TN Lawmakers Consider the Most Cruel Form Yet of Penalizing Undocumented Immigrants

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LatinaLista — The immigration system is broken.
That phrase has been used so often in the immigration reform debate that it’s now a cliche.

(SOURCE: jewishworldreview.com)
Yet it stands to reason that if the immigration system is broken, it can’t be the only system broken. There are other systems that are impacted, whether directly or indirectly, by illegal immigration which also are in need of massive overhauls.
One such system is our judicial system. It is a system that suffers from just as many abused, obsolete, inadequate processes and practices, as well as, loopholes that states and counties have learned to manipulate it to the extent that the U.S. has held the dubious distinction over the past several years of being the country with the highest prison population rate in the world.
Now, it seems it’s just getting worse.


We’ve known how Arizona and Oklahoma have declared war on undocumented immigrants by passing such punitive laws that these people can’t cross a street without hearing police sirens blaring behind them.
In Oklahoma, news reports detail how some local police are intimidating the local Hispanic community to the point that people are afraid when they see anyone with a badge coming their way.
Yet, in probably one of the most cruel forms of using the judicial system to criminalize an otherwise nonviolent demographic is what Tennessee has in mind.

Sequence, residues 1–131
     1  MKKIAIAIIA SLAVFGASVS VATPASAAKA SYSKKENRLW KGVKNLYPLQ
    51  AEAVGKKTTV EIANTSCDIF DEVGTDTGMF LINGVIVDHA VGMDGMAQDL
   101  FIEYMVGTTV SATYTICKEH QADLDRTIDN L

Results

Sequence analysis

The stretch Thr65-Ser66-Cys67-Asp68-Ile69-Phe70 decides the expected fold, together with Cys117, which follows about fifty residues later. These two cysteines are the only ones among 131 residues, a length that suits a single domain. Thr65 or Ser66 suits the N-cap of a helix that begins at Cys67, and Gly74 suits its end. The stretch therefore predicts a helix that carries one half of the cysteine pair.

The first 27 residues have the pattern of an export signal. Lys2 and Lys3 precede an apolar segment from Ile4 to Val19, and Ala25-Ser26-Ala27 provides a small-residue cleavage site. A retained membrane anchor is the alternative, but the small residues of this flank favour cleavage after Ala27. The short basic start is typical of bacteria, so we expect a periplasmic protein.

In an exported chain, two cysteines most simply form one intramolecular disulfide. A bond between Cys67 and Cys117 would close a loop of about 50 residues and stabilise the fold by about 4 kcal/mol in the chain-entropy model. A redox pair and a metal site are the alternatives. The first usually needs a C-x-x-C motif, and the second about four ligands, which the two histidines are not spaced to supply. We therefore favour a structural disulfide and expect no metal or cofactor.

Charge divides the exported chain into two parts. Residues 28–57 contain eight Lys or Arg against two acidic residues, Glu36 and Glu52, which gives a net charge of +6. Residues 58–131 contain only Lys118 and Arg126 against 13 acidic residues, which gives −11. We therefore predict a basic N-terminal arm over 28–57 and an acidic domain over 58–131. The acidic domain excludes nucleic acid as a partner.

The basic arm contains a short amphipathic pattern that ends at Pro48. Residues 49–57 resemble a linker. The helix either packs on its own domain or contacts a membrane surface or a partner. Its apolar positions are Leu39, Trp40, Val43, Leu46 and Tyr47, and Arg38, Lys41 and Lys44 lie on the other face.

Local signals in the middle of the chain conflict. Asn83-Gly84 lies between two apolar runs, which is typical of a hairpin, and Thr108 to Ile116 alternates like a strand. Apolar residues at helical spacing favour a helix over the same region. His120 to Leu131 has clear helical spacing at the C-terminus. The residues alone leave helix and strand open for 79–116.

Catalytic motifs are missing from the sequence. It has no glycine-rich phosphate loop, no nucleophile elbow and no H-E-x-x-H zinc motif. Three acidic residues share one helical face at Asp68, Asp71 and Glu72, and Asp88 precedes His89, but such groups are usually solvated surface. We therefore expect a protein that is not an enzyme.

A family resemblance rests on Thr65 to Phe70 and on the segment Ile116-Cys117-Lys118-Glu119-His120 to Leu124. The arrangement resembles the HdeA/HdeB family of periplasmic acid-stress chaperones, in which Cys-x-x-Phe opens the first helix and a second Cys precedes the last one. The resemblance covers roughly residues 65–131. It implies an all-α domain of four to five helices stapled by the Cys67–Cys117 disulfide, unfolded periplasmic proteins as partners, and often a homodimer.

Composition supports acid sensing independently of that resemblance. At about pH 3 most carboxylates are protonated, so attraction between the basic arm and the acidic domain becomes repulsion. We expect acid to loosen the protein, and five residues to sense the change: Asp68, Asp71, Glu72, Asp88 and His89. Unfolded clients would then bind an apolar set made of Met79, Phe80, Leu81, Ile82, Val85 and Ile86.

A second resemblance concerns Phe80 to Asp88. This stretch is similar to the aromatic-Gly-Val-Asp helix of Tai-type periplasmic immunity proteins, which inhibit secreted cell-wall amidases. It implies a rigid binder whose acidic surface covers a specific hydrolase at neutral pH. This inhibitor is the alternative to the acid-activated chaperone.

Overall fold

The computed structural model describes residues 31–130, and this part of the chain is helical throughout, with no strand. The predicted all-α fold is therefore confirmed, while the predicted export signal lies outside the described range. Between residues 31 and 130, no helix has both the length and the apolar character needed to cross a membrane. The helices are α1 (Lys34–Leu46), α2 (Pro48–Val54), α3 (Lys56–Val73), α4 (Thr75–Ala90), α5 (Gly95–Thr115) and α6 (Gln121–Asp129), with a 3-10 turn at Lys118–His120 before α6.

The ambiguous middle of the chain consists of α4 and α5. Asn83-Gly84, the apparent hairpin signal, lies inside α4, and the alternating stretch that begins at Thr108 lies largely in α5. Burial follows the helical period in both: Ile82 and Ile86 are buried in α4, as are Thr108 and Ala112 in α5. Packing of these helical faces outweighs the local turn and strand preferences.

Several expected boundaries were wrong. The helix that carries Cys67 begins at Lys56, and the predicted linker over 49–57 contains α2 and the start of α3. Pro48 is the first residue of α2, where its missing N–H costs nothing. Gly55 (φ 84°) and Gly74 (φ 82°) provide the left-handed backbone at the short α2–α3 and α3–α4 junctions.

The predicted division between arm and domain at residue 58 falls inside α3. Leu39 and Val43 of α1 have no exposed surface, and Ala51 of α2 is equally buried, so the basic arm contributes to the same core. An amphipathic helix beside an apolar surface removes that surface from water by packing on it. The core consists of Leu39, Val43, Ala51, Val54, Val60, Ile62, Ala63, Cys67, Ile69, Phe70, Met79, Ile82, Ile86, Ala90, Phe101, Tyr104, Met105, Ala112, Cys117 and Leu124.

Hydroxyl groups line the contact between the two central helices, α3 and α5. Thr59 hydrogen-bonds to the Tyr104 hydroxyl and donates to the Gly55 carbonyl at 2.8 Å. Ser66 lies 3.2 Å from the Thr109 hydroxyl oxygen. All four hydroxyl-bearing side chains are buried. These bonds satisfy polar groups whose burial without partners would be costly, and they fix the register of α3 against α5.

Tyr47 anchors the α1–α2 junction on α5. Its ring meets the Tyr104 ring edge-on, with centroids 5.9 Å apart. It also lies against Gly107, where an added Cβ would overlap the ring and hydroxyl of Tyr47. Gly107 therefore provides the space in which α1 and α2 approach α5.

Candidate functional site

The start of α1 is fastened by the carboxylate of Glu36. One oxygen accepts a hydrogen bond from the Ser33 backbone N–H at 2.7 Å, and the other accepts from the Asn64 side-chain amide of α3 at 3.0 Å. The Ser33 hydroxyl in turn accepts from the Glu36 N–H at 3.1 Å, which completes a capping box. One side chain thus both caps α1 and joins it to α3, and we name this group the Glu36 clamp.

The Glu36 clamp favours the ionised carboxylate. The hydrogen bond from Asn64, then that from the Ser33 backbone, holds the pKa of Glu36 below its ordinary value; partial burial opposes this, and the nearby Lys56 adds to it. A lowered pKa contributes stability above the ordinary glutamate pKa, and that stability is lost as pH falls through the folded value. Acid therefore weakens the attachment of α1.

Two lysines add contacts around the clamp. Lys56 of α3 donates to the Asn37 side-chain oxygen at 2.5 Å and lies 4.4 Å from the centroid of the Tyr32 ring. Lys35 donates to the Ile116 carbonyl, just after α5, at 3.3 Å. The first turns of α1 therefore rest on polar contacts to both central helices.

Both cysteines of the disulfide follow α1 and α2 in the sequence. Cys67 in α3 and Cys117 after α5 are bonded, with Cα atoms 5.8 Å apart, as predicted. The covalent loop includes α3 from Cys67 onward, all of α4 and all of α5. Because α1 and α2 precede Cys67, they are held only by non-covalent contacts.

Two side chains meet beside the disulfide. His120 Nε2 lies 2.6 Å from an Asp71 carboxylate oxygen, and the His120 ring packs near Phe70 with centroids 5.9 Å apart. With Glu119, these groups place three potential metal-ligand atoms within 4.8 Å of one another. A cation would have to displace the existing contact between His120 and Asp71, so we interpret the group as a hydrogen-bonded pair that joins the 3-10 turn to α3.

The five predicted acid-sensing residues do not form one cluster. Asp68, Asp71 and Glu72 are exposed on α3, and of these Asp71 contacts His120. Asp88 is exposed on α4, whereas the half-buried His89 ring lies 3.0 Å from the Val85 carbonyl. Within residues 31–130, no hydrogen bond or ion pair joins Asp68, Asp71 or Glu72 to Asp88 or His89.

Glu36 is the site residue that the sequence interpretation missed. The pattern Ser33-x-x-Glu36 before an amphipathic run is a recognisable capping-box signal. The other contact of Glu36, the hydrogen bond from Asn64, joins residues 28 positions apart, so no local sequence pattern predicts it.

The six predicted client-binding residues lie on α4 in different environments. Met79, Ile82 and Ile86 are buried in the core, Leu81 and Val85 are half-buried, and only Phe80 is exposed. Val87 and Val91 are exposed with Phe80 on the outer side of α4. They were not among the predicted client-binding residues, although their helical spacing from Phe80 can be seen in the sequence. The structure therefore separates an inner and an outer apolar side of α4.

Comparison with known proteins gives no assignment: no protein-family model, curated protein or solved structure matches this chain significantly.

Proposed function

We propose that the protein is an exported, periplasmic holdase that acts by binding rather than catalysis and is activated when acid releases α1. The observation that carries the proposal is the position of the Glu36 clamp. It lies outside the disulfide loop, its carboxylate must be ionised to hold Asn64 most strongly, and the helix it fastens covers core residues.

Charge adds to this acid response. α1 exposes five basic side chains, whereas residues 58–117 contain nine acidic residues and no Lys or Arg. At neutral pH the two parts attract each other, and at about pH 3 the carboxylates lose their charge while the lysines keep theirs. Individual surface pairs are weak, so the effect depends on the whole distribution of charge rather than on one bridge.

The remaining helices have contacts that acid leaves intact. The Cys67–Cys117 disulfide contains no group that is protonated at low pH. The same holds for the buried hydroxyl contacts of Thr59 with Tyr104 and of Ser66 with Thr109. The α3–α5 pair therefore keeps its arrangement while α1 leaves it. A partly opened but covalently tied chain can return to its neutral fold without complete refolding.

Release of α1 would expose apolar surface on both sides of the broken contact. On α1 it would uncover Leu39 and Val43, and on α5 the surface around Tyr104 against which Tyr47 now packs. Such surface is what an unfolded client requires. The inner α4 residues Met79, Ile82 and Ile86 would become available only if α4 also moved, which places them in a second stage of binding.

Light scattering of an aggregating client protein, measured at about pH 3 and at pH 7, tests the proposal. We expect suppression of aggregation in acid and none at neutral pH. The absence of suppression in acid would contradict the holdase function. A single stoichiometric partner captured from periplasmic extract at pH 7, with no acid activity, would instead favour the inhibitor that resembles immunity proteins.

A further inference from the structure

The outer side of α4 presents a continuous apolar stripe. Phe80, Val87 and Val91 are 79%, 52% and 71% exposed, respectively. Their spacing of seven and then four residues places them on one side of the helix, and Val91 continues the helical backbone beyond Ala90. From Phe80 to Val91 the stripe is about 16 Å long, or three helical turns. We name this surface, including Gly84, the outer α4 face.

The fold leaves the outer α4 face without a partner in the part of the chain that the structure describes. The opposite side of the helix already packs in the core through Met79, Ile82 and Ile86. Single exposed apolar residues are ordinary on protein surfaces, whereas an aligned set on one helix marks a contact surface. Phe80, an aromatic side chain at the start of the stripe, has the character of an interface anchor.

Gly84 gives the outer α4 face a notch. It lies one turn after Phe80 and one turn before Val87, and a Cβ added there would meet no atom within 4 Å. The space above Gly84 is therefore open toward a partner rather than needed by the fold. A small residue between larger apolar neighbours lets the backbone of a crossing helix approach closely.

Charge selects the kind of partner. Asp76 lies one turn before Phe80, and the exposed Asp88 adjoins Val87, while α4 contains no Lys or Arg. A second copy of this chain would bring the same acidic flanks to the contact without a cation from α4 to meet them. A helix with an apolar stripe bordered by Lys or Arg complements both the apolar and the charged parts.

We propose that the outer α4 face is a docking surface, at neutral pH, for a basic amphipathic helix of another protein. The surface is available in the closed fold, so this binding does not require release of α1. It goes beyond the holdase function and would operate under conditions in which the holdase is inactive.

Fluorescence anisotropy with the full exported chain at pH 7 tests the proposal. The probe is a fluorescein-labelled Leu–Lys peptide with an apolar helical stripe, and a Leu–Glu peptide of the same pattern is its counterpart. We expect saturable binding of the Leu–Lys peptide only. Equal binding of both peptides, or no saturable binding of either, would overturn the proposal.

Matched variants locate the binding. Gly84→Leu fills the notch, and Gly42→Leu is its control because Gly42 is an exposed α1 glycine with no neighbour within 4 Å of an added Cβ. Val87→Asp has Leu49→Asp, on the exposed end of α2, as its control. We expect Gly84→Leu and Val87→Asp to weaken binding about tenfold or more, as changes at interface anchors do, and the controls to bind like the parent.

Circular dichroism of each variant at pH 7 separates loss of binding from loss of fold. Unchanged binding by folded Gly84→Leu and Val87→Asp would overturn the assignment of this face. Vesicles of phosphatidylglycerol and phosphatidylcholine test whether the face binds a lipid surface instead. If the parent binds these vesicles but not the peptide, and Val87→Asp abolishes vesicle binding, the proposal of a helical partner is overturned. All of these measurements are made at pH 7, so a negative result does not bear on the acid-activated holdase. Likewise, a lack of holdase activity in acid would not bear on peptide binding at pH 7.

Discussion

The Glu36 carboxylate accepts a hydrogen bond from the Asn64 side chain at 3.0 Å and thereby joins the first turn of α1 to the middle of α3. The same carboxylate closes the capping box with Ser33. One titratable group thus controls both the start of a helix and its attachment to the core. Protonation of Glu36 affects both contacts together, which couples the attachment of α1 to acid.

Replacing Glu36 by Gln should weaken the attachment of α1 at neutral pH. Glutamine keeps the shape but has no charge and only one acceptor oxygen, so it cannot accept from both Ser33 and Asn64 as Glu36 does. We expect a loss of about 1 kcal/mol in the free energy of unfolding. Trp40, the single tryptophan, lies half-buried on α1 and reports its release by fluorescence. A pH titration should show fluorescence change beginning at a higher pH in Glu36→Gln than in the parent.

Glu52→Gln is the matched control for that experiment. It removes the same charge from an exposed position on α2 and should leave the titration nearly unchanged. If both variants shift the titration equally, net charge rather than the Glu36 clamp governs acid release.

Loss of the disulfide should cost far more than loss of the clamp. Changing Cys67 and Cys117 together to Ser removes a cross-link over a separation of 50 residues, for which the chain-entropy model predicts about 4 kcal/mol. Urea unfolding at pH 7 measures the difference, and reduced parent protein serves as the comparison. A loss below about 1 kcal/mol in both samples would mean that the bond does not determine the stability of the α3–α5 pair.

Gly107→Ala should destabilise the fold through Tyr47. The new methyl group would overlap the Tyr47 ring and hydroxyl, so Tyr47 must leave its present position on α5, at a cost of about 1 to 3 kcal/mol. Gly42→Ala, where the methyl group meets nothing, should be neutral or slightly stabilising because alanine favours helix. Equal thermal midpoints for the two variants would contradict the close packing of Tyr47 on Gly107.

A proposal to make it a crime for illegal immigrants to accept pay for work done in Tennessee is headed for floor votes in both chambers of the General Assembly.
The Senate Commerce Committee voted unanimously today to advance the proposal to make it a misdemeanor for illegal immigrants to accept pay.
The measure sponsored by Sen. Joe Haynes, a Goodlettsville Democrat, could lead to fines of $500, up to six months in jail and require illegal immigrants to forfeit any earnings they receive.

These same legislators claim they can’t enact tougher laws against the employers who hire undocumented immigrants because the “state must defer to federal laws on that matter.”
It seem to us that a law specifically targeting undocumented immigrants falls under the immigration issue — a federal issue and one that should also be deferred to federal laws and/or rulings.
The obvious intent of this law is to officially criminalize undocumented immigrants to make it that much easier to justify jailing them then slapped by ICE as a criminal offender who is barred from re-entering the United States.
Critics of immigrants who have arrived here illegally always repeat the fallacy: just get to the end of the line, if you want to come here. There’s one problem — there’s no line.